Like with all new relationships, I hesitated to be too bold in my requests at first. And thus Nellie didn't know what to do, so she stayed the course as she had planned it. But by Day 4, I had learned what worked and what didn't with my leg pressure and reigning, and I was a lot clearer in my requests. Surprise, surprise, she responded better. Funny how clear communication works with both horses and humans.
In the end, I learned that I have a lot more physical and mental stamina than I thought I did. My love for horses and what they teach me --- whether I'm riding or working with them on the ground --- grew by leaps and bounds.
I'm even more excited about the next phase of my life & leadership coaching practice -- to coach with horses as my partner. I'm about half way through my training program with the Koelle Institute for Equus Coaching. And I have a lot of ideas on how to support my coaching clients as they go to the next level of healing and happiness with my equine-assisted coaching methods.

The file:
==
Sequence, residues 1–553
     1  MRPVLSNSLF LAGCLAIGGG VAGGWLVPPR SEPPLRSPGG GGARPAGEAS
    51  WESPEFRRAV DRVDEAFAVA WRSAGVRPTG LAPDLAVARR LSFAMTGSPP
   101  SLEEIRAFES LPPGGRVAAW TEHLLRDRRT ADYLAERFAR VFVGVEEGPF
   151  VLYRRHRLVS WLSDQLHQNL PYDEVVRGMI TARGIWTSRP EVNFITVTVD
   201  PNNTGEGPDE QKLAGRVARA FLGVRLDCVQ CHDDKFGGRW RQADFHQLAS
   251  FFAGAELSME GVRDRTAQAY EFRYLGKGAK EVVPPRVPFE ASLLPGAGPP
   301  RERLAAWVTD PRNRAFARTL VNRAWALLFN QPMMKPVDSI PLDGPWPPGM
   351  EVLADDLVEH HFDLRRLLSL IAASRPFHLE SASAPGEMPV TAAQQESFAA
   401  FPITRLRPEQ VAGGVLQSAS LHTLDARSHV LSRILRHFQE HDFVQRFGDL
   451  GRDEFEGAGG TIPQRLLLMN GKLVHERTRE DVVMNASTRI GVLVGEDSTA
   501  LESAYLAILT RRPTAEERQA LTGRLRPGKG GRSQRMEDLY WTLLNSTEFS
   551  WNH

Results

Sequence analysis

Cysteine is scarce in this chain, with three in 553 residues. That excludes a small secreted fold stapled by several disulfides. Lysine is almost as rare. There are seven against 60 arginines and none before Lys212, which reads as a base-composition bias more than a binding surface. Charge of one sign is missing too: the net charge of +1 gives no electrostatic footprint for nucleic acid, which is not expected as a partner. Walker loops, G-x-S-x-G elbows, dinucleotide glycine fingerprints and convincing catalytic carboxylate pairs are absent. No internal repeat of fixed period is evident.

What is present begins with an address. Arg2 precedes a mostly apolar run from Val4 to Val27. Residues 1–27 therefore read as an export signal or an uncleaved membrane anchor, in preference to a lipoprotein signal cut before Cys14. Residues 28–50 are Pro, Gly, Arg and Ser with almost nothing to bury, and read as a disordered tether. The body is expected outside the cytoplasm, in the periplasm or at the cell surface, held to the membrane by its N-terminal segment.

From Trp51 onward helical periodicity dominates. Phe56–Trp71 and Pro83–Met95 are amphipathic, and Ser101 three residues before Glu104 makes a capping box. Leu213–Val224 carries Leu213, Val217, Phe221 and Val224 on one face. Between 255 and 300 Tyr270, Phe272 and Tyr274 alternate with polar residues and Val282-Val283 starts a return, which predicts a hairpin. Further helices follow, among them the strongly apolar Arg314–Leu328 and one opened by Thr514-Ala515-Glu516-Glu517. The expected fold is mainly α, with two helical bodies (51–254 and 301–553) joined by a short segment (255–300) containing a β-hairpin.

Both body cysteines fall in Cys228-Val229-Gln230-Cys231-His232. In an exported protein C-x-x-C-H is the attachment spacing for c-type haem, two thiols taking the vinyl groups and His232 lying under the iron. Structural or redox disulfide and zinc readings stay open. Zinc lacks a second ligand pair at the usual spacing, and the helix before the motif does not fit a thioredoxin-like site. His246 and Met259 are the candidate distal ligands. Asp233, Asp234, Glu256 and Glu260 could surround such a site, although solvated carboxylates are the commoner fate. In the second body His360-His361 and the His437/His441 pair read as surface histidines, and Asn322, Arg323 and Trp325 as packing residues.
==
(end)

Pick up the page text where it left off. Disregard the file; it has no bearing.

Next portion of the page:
With my 50th birthday a meer seven months away, my adventure in Ireland cemented the role of horses in my next phase of life. I'm feeling a bit more confident about the "second half of my life" with horses along for the ride.
You could call this new obsession with horses a mid-life crisis I suppose, but I'd rather call it a mid-life awakening. I'm certainly more awake today than I was three years ago. And everywhere I turn there's an opportunity for more. I'm thankful the student in me is ready and my horse teachers are appearing.
Thanks to Joe Boyden for sharing his amazing pictures of our trip!